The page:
Oregon's Senate Bill 737, enacted in 2007, required the state's 52 largest municipal wastewater treatment plants (WWTP) and water pollution control facilities (WPCF) to collect effluent samples in 2010 and analyze them for persistent organic pollutants. These facilities are located state-wide and represent a variety of treatment types, service population sizes, geographic areas, and flow conditions. Of the 406 chemicals ultimately analyzed, 114 were detected above the level of quantification (LOQ) in at least one sample. Few persistent pollutants were found possibly because of their diversion from effluent via sorption to sludge (solids phase) or high LOQs for certain chemicals. Several pesticides, as well as benzene and phenol degradation products, all previously unreported in effluent, were detected. Ten polychlorinated biphenyls (PCB) congeners were present at low concentrations in ≤ 10 samples, while polychlorinated naphthalenes and dioxins/furans were not detected at all. Twenty-one polybrominated diphenyl ether (PBDE) congeners were found, nine of which have been reported in Osprey eggs in Oregon and Washington. Methylmercury was present in 65% of samples, with average and maximum concentrations of 0.18 and 1.36. ng/L, respectively. Although they are generally assumed to be innocuous by-products of sewage treatment, additional research is needed on potential impacts to aquatic ecosystems of high loadings of coprostanol and cholesterol. These results suggest that effluent, rather than just receiving waters, should itself be analyzed for a wide range of contaminants in order to understand how upstream sources, conveyed through WWTPs and WPCFs, could be impacting aquatic ecosystems. © 2011 Elsevier B.V.


Erickson P.,Stockholm Environment Institute | Allaway D.,11 S.W. Sixth Avenue | Lazarus M.,Stockholm Environment Institute | Stanton E.A.,Stockholm Environment Institute
Environmental Science and Technology | Year: 2012

Many U.S. states conduct greenhouse gas (GHG) inventories to inform their climate change planning efforts. These inventories usually follow a production-based method adapted from the Intergovernmental Panel on Climate Change. States could also take a consumption-based perspective, however, and estimate all emissions released to support consumption in their state, regardless of where the emissions occur. In what may be the first such comprehensive inventory conducted for a U.S. state, we find that consumption-based emissions for Oregon are 47% higher than those released in-state. This finding implies that Oregons contribution to global greenhouse gas emissions (carbon footprint) is considerably higher than traditional production-based methods would suggest. Furthermore, the consumption-based inventory helps highlight the role of goods and services (and associated purchasing behaviors) more so than do production-based methods. Accordingly, a consumption-based perspective opens new opportunities for many states and their local government partners to reduce GHG emissions, such as initiatives to advance lower-carbon public sector or household consumption, that are well within their sphere of influence. State and local governments should consider conducting consumption-based GHG inventories and adopting consumption-based emission reductions targets in order to broaden the reach and effectiveness of state and local actions in reducing global GHG emissions. Consumption-based frameworks should be viewed as a complement to, but not a substitute for, production-based (in-state) GHG emissions inventories and targets. © 2012 American Chemical Society.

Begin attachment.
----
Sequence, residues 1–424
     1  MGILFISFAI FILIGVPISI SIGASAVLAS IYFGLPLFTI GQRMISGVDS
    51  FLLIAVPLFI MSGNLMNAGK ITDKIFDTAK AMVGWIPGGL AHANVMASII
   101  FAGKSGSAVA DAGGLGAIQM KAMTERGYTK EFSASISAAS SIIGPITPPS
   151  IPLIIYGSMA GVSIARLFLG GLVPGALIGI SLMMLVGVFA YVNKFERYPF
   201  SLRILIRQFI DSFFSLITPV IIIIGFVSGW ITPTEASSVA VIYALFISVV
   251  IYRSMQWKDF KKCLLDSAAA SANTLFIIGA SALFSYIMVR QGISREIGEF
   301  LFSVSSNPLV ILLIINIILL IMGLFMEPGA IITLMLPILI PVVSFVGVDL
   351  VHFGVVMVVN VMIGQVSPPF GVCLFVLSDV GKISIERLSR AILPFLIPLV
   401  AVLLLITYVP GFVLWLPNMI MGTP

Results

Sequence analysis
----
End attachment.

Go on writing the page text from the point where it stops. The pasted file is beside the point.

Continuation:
Hope B.K.,11 SW Sixth Avenue | Stone D.,Oregon State University | Fuji T.,Kennedy Jenks Consultants | Gensemer R.W.,4601 Denver Technology Center Blvd | Jenkins J.,Oregon State University
Integrated Environmental Assessment and Management | Year: 2010